“How Can I Enjoy Sex When I Don’t Like How I Look Naked?”

Q: I’ve lost a lot of weight in the past year. I mean, basically the net weight of a couple of pre-schoolers. I’ve got a little ways to go to get to my goal (which is whatever weight I land at while I train for a couple of half marathons). As I am impressed with my ability to essentially leap tall buildings in a single bound, I am utterly miserable with how I look without my clothes on.

My sex life with my SO wasn’t great over a year ago, and now it is basically nonexistent. I am terrified that he sees what I see: loose skin”¦everywhere. I feel less sexy now than I did before, which is unexpected. It is to the point that if he catches me getting out of the shower or mid-dress, I cry. I know that he loves me and is proud of me (and would very much like me to be naked all the time), but I am struggling even being seen in my underwear. With my clothes on, I feel strong and pretty badass. Without, I am a self-defeating pile of sobs and misery. I feel like I am living two realities defined by a few swaths of fabric. What can I do to get to a place where I can be comfortable with having sex and maybe, I don’t know, enjoy it again?

A: First of all, thank you for trusting us with such a personal question – how you see and feel about your body can be a really hard subject for many of us to talk about, and I know that other Persephoneers will be able to relate to part or all of your question. (And some have even posted about similar subjects.)

And before we really get started answering, I just want to mention my own experiences with body image and body image issues, since that’s the frame of reference that I’m coming from. While I can’t relate to having lost a large amount of weight and the way my body changed because of that, I have struggled with food (i.e., not eating it) and loathing my body for years, with the worst period being during a few years of college. So while I can’t relate to your situation, I can relate to an extent to your feelings of misery when you look at yourself.

I think it’s great that you’re thinking about your weight loss not in terms of a specific number-related goal, like pounds or size, but whatever you settle at while you train for some half-marathons. I wonder if you might be able to use that way of thinking to help here. For me, something that is very helpful is trying to think more about what my body can do and how it feels than about how it looks. It makes me feel good about myself when I think about how good I am at doing planks or how much fun I have when I dance around. You can do this just in general or in the context of sex – how great it feels when you have an orgasm or when your partner is pleasing you and how cool it is that you can please your partner, too. If it’s been a while since the two of you have been sexual together or since you’ve really enjoyed it, being sexual by yourself might help remind you of the great things your body can do and wonderful feelings it can give you during sex. I think masturbation is awesome for a lot of reasons, and one of the nice things about it is that it’s an opportunity to completely focus on yourself without the consideration of being naked in front of someone else.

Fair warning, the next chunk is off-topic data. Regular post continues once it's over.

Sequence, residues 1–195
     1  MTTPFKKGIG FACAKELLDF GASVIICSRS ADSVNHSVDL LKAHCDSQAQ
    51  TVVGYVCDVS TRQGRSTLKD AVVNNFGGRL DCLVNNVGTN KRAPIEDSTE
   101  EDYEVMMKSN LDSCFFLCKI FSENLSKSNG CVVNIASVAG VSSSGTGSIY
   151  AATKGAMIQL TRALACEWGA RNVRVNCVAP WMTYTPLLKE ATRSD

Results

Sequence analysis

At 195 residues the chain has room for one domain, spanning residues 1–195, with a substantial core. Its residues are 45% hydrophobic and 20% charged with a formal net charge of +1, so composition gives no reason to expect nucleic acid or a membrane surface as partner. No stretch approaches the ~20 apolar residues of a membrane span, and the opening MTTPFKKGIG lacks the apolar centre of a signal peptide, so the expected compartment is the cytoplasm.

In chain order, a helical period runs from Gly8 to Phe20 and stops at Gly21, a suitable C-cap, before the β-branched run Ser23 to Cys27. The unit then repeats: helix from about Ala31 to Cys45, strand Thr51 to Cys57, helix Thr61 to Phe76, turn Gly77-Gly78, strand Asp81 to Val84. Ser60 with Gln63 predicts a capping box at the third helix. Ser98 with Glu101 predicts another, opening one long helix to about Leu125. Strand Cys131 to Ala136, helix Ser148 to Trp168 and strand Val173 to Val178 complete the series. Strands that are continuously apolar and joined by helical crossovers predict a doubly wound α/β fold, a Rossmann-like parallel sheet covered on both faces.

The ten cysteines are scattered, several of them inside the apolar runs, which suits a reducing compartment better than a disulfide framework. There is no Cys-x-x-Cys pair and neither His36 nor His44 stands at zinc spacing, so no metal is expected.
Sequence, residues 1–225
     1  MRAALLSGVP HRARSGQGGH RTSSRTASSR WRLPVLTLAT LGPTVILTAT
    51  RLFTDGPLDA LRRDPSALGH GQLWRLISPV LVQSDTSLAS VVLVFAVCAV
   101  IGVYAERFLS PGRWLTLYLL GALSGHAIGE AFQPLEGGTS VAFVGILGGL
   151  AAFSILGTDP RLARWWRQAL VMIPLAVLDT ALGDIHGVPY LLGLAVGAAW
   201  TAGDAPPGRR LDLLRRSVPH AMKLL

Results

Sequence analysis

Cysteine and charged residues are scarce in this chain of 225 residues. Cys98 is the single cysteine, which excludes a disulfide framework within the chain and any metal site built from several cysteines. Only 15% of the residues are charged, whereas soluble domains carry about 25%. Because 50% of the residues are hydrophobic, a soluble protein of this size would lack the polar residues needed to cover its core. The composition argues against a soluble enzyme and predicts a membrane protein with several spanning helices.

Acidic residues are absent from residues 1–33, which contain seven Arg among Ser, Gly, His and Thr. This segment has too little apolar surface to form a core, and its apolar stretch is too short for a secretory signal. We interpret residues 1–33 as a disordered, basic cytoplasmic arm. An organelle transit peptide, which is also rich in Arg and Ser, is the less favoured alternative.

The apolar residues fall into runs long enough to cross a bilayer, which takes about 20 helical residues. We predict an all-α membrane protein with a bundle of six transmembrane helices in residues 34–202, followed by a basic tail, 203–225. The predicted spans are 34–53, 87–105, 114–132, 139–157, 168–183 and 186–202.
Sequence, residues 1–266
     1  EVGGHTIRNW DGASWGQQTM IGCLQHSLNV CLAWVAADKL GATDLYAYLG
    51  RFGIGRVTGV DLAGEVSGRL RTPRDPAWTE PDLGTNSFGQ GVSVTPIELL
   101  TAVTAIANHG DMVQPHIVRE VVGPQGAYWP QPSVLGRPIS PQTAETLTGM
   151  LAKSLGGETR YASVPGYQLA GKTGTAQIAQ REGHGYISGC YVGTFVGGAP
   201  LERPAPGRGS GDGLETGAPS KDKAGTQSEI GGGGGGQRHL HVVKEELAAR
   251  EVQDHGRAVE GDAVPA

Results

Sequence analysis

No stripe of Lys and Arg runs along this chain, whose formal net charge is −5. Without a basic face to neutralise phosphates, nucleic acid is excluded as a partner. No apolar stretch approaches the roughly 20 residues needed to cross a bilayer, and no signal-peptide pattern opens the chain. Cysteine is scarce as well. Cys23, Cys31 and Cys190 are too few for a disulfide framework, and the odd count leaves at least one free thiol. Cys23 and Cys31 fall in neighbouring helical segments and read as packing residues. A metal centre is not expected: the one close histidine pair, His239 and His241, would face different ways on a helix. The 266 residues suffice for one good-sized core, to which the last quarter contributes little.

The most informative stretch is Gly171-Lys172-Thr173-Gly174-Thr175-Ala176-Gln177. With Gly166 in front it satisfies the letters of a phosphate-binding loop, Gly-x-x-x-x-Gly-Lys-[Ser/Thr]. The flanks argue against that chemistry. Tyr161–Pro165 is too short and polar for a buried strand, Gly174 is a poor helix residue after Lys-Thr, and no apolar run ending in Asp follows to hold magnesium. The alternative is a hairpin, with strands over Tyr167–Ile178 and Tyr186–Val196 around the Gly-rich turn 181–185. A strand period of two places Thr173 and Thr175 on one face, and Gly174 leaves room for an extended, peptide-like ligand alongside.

I’m also a big fan of finding the things that make me feel good about my body and making that a part of my life as much as possible – Zumba, cute dresses, and looking at body-positive collages and pictures all make me feel more friendly towards my body. If there’s anything that you know can trigger similar positive attitudes for you, take some time every day to actively seek them out.

While I do think that ultimately feeling positive about and at peace with (and maybe even loving) your body has to come from inside you, I also think there may be ways your partner could help. You said that he loves you and is proud of you and that he would love to see you naked all the time, so trying to see your body the way he sees it might be helpful for you. This might sound a bit cheesy, but here’s something that we have done. We light some yummy-smelling candles and put on some peaceful, relaxing music, and we get in bed (we do it naked, but I think you can do this however you feel comfortable – maybe in something like a nightgown or a tank top and pajama pants). Let’s say we’re going to focus on me; future Mr. will snuggle me and touch me (in a loving but not in a sexual way) and tell me everything he loves about my body and then everything he loves about having sex with me. It offers me an opportunity to think about and look at my body in a different way, from a point of view of love and admiration instead of with the critical and insecure eye that I almost always use. He’ll notice things I never even thought about, and he finds attractive and endearing things I’ve always hated. Sometimes we have sex afterward and sometimes we don’t, but it feels very intimate and it helps me keep that body-positive voice from being drowned out by the negative one. And it doesn’t need to be a big production either – whenever you feel the need, feel free to just straight-up ask your partner out of the blue what he likes about your body, and chances are he’ll have plenty of examples to offer.